- consumer.confluent.monitoring.interceptor.sasl.login.callback.handler.class=io.confluent.kafka.clients.plugins.auth.token.TokenUserLoginCallbackHandler
        - producer.confluent.monitoring.interceptor.sasl.login.callback.handler.class=io.confluent.kafka.clients.plugins.auth.token.TokenUserLoginCallbackHandler
  • When configuring source-initiated cluster links with CFK where the source cluster has TLS enabled, do not set spec.tls, and do not set spec.authentication in the ClusterLink CR on the destination cluster if the source cluster has mTLS authentication.

    Instead, in the Destination mode ClusterLink CR, under the spec.configs section, set:

    • SSL for mTLS.
    • SASL_SSL for SASL authentication with TLS.

    For details about configuring the destination cluster for source-initiated Cluster Linking, see Configure the source-initiated cluster link on the destination cluster.

  • The Pod Disruption Budget (PDB) in CFK is set as shown below and is non-configurable using the first-class CFK API:

    • For Kafka: maxUnavailable := 1
    • For ZooKeeper, MaxUnavailable is based on the number of ZooKeeper nodes: maxUnavailable := (replicas - 1 ) / 2

    The PDB setting is typically used when upgrading a Kubernetes node. The pods are moved to different nodes for the node upgrade and then are moved back to the node. Or, when you want to reduce the size of the node pool, you would drain that node by moving the pods out of that node.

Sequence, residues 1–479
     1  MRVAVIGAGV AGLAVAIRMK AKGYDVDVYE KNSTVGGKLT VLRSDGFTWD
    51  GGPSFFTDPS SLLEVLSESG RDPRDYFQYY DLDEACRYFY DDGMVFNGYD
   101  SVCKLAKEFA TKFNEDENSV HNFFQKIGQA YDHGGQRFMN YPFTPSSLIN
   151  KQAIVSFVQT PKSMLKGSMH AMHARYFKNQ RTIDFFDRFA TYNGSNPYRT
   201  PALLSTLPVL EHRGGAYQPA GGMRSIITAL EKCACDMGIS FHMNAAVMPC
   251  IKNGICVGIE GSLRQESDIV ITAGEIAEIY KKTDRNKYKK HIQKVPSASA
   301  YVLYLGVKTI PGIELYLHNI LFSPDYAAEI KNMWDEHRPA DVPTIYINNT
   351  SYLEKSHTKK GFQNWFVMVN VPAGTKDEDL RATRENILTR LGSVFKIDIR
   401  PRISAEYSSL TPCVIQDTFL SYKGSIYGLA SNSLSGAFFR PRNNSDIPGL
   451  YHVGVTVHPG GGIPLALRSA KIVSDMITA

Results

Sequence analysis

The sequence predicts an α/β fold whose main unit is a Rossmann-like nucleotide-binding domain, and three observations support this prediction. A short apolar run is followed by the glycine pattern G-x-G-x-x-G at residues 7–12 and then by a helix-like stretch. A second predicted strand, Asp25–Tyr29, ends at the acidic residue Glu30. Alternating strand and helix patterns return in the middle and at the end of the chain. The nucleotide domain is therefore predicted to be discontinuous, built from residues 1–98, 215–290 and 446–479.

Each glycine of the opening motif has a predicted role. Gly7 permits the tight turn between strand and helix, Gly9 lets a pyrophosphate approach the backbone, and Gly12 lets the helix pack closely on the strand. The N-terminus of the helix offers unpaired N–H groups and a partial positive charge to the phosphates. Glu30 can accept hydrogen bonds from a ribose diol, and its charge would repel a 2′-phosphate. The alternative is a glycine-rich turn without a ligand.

If you have use cases when you need to change a PDB, manually set the PDB using the kubectl patch command as below:

    1. Block reconcile on Kafka to ensure that you do not overwrite anything. For example:

      kubectl annotate kafka kafka
    2. Modify the PDB as required:

      kubectl patch pdb kafka -p '{"spec":{"maxUnavailable":<desired value>}}' --type=merge

      Use caution when you select the value. The wrong value could result in data loss or service disruption as you could bring down more Kafka nodes than ideal.

    3. Verify the change:

      kubectl get pdb

      An example output based on the above command:

      kafka       N/A             <desired value>   <desired value>       11m
    4. Perform node drains as required.

    5. Enable reconcile on Kafka. For example:

      kubectl annotate kafka kafka
  • The CFK support bundle plugin on Windows systems does not capture all the logs.

    As a workaround, specify the --out-dir flag in the kubectl confluent support-bundle command to provide the output location for the support bundle.

Known gaps from Confluent Platform 7.6

CFK 2.8 does not support the following Confluent Platform 7.6 functionality:

  • Kafka authentication mechanisms: Kerberos and SASL/Scram

Known gaps in CFK Blueprints

CFK Blueprints 2.8 does not support the following CFK functionality:

  • Internal listener authentication change on the running cluster
  • A central Confluent Platform cluster serving as the RBAC metadata store for multiple Confluent Platform clusters
  • The StaticPortBasedRouting and NodePort external access methods
  • Monitoring multiple Kafka clusters in Confluent Control Center
  • Configuring and managing KRaft-based clusters
  • Single sign-on (SSO) authentication for Control Center using OpenID Connect (OIDC)